AUGUST 29, 2012
I took an unusually large number of notes during Apocalypse Of The Dead, but unfortunately they're mostly negative in nature. It's a serviceable enough time-killer (at 100 minutes, perhaps too MUCH time) if you're not too discerning for low budget zombie films, but crippled by woeful direction/editing, a not very exciting climax, and some badly placed references to Dawn Of The Dead.
I really don't get that last one. With Ken Foree in the lead role of a zombie movie, of course Dawn will come to mind, but the time to make the overt references is in the first 10 minutes. Get them out of the way, because you almost have to acknowledge his legacy, and then focus on YOUR movie, hoping that the audience follows suit. Instead, 79 minutes into their movie, at a point where the pacing just ground to a halt, a character suggests holing up in a shopping mall, to which Foree says is not a good idea, as "they WILL get in!". And then they twist the knife, having him more or less deliver his "No more room in Hell" speech from that film (and its remake). Sure, remind us of a perfect zombie when you just fucked yours up.
What did they do wrong, you ask? They leave the location where they've been holed up for the past 45 minutes! The movie is sort of like Assault On Precinct 13 with zombies, as Foree and Kristina Klebe are a pair of agents transporting a prisoner when the zombie outbreak begins, so they have to barricade themselves in a building and work with the prisoner to survive, and it more or less works for a while. But with 20 minutes to go they leave, opting to set the finale in an abandoned trainyard, blowing the rising tension that they had built up in the other locale. And it's not a very exciting finale, as a character shows up with a bag of weapons to save the day, no one of note dies, and it feels too tacked on. If they were constantly on the move throughout the movie, it would be fine, but if you're doing Precinct 13, you don't leave the Precinct! Unless you're doing the remake, for some reason.
The direction and editing also leaves much to be desired. I'll forgive the terrible dubbing (the lips match the words, but everyone sounds like they were recorded in a booth), but I can't do the same for a sequence where Foree and the prisoner are shouting for a door to be opened from the other side, and then suddenly they're running down the hall with another guy. Yeah, we can fill in the blanks - this guy heard them, ran over and opened the door, but why build a moment out of him NOT opening it if you're not going to show him hearing them, or explain where he was to not hear them right away? Just cut the "suspense" out, or be competent enough to have a cutaway of the guy opening the door at least. There's also a bit where one guy is on the right side of the screen firing toward the left, and the next shot is of another hero shooting from left to right - making it look like they are actually just shooting at each other instead of zombies. This is basic, first-year film school stuff, and similar things occur far too often to shrug it off.
It was also annoying to see shaki-cam footage haphazardly cut together with awkward, completely still medium shots of the actors, often garishly lit by the DP. The editing was making this thing disjointed enough, but the direction makes it worse by making the movie look like two separate productions jammed together. And I'll never get why you'd want to overlight a horror movie - we WANT it a bit dark! Let's get some shadows up in this bitch! And none of them could bother telling the actors to pronounce "Bottin" correctly, as it's the name of one of the agents (the other is "Savini"), but they pronounce it "Bought-in" instead of "Bow-teen". If you're going to honor a guy by naming a character after him, maybe make sure you're saying it right.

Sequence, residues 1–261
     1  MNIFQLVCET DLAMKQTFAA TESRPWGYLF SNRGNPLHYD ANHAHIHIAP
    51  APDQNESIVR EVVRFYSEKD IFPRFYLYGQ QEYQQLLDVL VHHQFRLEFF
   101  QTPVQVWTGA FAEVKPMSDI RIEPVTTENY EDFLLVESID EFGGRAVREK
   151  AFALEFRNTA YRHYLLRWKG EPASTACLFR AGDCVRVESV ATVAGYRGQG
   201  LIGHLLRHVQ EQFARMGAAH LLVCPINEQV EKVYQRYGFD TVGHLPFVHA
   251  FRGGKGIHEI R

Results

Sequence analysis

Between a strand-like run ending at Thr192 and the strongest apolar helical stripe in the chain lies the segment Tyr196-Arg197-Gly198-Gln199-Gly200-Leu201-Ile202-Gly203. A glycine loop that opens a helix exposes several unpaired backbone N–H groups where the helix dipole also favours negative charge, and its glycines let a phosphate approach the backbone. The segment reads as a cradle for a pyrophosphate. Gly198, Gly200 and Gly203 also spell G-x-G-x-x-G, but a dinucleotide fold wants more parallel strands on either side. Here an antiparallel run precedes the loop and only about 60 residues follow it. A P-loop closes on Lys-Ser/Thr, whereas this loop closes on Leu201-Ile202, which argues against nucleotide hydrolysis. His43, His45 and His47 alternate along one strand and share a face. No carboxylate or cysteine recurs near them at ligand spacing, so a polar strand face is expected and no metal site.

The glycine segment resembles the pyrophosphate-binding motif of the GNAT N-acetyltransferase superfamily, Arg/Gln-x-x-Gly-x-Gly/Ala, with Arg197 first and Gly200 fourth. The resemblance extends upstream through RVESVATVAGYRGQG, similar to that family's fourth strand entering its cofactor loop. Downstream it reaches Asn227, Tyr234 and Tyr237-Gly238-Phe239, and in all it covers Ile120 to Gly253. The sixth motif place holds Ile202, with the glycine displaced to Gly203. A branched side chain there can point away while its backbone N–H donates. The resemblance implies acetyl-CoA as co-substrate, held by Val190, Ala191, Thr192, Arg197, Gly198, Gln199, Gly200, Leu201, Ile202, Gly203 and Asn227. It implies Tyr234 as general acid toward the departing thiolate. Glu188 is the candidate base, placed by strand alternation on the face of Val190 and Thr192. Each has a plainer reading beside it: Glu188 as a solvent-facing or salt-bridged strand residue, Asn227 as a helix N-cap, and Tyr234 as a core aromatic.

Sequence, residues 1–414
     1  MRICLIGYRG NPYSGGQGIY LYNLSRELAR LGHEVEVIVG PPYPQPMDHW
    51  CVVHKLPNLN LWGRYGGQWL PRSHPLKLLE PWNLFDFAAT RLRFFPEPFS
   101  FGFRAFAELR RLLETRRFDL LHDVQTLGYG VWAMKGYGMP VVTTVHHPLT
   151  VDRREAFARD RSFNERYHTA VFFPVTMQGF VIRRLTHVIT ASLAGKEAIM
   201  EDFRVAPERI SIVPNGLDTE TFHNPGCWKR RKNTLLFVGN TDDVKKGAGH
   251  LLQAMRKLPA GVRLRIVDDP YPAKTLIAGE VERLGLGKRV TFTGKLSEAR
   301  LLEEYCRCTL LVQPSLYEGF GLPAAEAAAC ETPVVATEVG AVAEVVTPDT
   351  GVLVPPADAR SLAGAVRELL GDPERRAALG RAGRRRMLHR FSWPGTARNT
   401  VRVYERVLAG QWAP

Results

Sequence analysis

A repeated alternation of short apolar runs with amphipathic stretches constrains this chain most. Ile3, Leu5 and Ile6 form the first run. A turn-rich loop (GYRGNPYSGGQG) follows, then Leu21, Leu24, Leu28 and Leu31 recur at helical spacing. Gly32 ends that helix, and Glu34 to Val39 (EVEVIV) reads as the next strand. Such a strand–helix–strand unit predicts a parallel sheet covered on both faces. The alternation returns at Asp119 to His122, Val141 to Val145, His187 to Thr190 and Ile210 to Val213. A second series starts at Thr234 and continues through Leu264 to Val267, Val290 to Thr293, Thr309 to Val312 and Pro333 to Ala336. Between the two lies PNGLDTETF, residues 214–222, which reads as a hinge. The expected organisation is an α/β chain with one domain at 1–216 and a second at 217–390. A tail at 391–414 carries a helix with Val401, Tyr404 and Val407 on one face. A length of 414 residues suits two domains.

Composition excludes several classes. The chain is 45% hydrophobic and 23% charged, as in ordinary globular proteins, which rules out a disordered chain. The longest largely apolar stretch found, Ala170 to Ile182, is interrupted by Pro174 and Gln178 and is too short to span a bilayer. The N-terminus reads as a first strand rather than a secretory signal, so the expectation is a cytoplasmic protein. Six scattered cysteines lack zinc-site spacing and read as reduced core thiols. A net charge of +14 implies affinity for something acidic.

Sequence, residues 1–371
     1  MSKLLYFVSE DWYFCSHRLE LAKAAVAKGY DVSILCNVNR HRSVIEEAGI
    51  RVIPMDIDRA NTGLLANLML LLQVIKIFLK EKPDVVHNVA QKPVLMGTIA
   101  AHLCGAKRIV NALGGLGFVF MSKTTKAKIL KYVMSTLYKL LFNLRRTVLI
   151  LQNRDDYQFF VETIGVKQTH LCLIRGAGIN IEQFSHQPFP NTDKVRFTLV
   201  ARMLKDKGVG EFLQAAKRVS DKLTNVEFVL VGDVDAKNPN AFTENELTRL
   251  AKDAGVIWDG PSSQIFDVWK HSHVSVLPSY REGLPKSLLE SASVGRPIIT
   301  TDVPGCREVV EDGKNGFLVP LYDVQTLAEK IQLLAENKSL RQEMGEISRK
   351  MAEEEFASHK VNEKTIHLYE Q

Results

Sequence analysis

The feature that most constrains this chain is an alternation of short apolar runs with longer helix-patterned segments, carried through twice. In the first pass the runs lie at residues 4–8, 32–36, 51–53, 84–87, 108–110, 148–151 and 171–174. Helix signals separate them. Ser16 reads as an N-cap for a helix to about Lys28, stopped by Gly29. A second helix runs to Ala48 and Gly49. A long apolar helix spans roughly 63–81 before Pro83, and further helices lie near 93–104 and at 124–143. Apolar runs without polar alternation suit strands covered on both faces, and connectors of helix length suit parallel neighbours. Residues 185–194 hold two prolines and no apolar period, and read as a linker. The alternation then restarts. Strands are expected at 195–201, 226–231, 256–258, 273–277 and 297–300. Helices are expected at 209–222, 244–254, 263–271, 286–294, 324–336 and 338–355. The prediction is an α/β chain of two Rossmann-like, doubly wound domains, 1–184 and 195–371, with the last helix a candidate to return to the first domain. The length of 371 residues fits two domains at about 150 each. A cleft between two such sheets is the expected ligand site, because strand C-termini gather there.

Along the way some good ideas are wasted; things that could have been used in more deserving movies. I particularly liked the idea of a girl being stoned on mushrooms and running right into the zombies assuming it was part of her trip (though I'm sure this has been used elsewhere before), and there's a fun little moment at the end where Klebe says she is out of bullets, which allows the noble prisoner to go free, only for us (but not her partner) to discover she actually wasn't (awww, she likes him). I was also charmed by the nutty religious character, who would rant in "nut with a sandwich board" speak in between blowing zombies away with his huge arsenal - it's a bummer he spends most of the movie on his own instead of joining up with the characters.
I also have to give them props for the FX, which favor practical fake heads and blood over CGI. There's a great bit where a head is sliced in half like lettuce, a couple of decapitations... all good stuff. The zombie makeup is unfortunately very stock (grayish/blue skin, whitened out eyes), but I'll take what they offer over well designed zombies who are consistently dispatched with swirls of pixels instead of anything I can touch. And there are a few zombie children who are mercilessly gunned down, so that's always a plus.
If they had cut the thing down to 80 minutes (there's too much setup, and too many extraneous characters) and had a better editor, this would have been a (very) minor gem in the never-dying landscape of "Of The Dead" movies (of which this covers two titles - it was originally called Zone Of The Dead and retains that moniker in the closing credits). But the sloppiness kept me from ever getting fully engaged; every time I started getting into it, there would be another amateurish moment to take me right back out. Maybe they'll get me on the next one.
What say you?